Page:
Appeal from the October 26, 1984, order of the Superior Court of Pennsylvania, filed at Docket No. 43 Pittsburgh, 1983, reversing the September 24, 1981, order of the Court of Common Pleas of Fayette County, Civil Division, filed at No. 1604 of 1981, G.D.,
Nix, C.j., and Larsen, Flaherty, McDermott, Hutchinson, Zappala and Papadakos, JJ. McDermott, J., joins in this opinion and files a concurring opinion. Larsen and Hutchinson, JJ., file a concurring opinion.
The issue in this appeal is whether the death of a tenant by the entireties, who has instituted an action for partition of the entireties property, operates to terminate the action and to vest the disputed property in the surviving tenant.
On October 14, 1981, appellee's decedent, Anna M. Sadowski, filed a Complaint in Equity against appellant, William B. Sadowski, seeking equal division of all assets held by them as tenants by the entireties. The parties were married in 1936 and separated in May of 1980, whereupon Mrs. Sadowski left the marital residence to live with her daughter, Jacqueline Victoria Clingerman. In her complaint Mrs. Sadowski alleged that without her knowledge or consent appellant had in May of 1980 transferred their joint account at Gallatin National Bank, containing a balance of $326,000.00, into an account in his name alone and that since that time her husband had made substantial withdrawals from the account, refusing Mrs. Sadowski any access to the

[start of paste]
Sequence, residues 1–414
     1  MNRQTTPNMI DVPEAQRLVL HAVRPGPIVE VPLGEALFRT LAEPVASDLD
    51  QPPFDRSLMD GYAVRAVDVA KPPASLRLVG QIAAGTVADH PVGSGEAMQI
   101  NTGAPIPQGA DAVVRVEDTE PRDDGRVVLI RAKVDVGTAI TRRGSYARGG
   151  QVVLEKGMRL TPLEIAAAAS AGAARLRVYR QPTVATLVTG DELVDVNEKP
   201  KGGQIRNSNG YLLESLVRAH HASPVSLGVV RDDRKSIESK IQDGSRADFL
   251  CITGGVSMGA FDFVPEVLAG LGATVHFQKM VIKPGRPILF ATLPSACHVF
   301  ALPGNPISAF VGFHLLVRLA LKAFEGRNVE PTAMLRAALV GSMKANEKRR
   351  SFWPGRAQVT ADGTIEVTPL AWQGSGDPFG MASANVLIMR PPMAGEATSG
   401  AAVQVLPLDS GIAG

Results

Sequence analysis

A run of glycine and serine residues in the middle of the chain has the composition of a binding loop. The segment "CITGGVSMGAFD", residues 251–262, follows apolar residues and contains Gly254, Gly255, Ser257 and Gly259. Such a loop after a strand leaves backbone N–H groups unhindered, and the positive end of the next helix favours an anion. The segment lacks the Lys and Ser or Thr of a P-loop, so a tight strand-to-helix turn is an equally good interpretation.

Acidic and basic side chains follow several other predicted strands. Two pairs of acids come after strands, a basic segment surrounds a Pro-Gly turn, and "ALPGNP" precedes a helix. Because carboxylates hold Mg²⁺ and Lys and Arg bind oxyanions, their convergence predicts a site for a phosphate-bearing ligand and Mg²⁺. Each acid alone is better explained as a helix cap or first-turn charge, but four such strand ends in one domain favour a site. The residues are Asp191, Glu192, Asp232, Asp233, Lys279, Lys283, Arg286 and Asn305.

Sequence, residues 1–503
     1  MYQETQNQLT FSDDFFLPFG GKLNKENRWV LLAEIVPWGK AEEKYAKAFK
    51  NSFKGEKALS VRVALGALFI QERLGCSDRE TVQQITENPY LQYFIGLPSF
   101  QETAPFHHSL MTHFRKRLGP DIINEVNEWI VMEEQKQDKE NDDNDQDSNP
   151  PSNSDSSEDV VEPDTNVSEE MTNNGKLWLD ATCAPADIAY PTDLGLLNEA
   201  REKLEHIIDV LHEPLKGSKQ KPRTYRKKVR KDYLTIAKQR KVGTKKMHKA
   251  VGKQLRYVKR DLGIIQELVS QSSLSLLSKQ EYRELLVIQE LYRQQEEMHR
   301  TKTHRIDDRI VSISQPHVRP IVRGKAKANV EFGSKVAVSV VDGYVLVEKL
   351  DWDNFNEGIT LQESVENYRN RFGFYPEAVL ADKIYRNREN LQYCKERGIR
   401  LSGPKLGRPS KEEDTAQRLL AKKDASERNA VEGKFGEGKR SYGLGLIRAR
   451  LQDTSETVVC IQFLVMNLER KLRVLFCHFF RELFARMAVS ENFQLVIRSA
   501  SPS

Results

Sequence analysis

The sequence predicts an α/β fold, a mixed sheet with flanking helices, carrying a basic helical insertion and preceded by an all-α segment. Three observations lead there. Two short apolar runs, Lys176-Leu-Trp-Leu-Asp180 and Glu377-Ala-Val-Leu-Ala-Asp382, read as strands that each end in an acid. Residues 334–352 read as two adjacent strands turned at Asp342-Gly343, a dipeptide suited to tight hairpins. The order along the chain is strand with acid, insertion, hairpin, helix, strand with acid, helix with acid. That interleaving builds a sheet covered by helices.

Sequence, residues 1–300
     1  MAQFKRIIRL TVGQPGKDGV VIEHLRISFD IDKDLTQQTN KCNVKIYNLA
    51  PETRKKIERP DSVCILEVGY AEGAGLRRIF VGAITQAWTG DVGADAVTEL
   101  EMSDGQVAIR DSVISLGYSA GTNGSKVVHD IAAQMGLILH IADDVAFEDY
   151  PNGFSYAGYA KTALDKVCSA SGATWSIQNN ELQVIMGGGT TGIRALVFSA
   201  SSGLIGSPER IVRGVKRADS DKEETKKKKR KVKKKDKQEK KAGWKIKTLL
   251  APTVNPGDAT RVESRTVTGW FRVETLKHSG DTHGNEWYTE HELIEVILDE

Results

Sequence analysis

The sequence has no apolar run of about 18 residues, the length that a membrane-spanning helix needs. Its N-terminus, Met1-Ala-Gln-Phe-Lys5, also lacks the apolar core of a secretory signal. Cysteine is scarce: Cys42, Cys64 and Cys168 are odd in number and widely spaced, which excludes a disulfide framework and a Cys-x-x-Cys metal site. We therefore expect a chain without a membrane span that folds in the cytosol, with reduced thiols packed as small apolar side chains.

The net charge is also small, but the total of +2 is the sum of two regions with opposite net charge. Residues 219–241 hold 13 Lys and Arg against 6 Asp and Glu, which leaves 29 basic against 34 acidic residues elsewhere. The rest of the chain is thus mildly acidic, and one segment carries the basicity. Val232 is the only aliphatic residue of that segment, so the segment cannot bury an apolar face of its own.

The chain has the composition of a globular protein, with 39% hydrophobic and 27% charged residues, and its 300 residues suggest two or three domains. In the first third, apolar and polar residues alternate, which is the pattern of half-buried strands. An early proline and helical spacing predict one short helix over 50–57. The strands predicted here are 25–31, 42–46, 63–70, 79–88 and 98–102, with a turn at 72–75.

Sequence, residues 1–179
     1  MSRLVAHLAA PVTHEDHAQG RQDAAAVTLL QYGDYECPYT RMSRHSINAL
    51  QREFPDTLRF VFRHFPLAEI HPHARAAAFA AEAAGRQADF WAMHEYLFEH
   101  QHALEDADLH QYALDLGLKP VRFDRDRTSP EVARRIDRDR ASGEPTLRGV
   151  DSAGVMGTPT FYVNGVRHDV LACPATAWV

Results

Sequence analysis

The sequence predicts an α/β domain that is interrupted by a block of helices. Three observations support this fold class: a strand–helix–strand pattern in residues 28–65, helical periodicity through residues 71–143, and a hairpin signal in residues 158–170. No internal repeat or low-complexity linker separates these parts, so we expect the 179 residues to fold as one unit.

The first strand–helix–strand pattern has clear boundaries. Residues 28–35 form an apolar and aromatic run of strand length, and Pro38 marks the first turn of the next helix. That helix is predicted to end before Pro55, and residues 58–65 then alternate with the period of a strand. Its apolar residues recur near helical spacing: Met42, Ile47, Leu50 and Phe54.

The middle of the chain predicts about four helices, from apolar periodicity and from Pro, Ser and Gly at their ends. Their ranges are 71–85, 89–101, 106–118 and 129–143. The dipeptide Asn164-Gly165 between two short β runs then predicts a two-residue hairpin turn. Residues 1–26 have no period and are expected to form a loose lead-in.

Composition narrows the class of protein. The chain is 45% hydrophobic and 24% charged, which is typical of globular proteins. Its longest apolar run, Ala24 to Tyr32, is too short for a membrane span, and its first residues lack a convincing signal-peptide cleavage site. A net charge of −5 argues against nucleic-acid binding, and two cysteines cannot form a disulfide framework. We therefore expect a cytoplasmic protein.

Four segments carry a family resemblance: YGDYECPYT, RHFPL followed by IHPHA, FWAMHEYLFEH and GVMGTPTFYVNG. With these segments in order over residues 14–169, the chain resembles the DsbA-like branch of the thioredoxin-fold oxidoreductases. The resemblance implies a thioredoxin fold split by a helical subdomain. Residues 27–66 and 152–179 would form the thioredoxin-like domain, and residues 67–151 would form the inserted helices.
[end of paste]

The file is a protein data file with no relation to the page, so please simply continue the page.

funds contained therein. Mrs. Sadowski further alleged that appellee had liquidated most of their model train collection,*fn1 worth approximately $500,000.00, and had secreted the money realized from the sale into a private account for his exclusive benefit, withholding the whereabouts of the unsold trains from Mrs. Sadowski.
Mrs. Sadowski asked the court to order appellant to account for all funds jointly owned by the parties, as well as for all cash, coins, art, furniture and furnishings which may have been sold or removed from the marital residence since May of 1980. She additionally sought a permanent injunction to restrain appellant from further depleting joint assets, and an equal division of all funds improperly transferred or converted by appellant along with all other property owned by them as tenants by the entireties.
Anna M. Sadowski died on May 16, 1982. The action was continued by her executrix, Jacqueline Victoria Clingerman,*fn2 appellee herein. Appellant subsequently moved for judgment on the pleadings on the grounds that the equity action had abated upon Mrs. Sadowski's death, and all the disputed property had passed to him as the surviving tenant by the entireties by operation of law. The motion was granted, and appellee's action was dismissed with prejudice. On appeal the Superior Court vacated and remanded, holding that appellee would be allowed to proceed as plaintiff and prosecute the equity action. 335 Pa. Super. 514, 485 A.2d 11. Appellant filed a petition for review which we granted in order to consider the question whether the death of a tenant by the entireties who has instituted an action in partition of the entireties property results in the abatement of the action and the passing to the surviving spouse of unrestricted title to the property. For the reasons which follow we hold that it does not.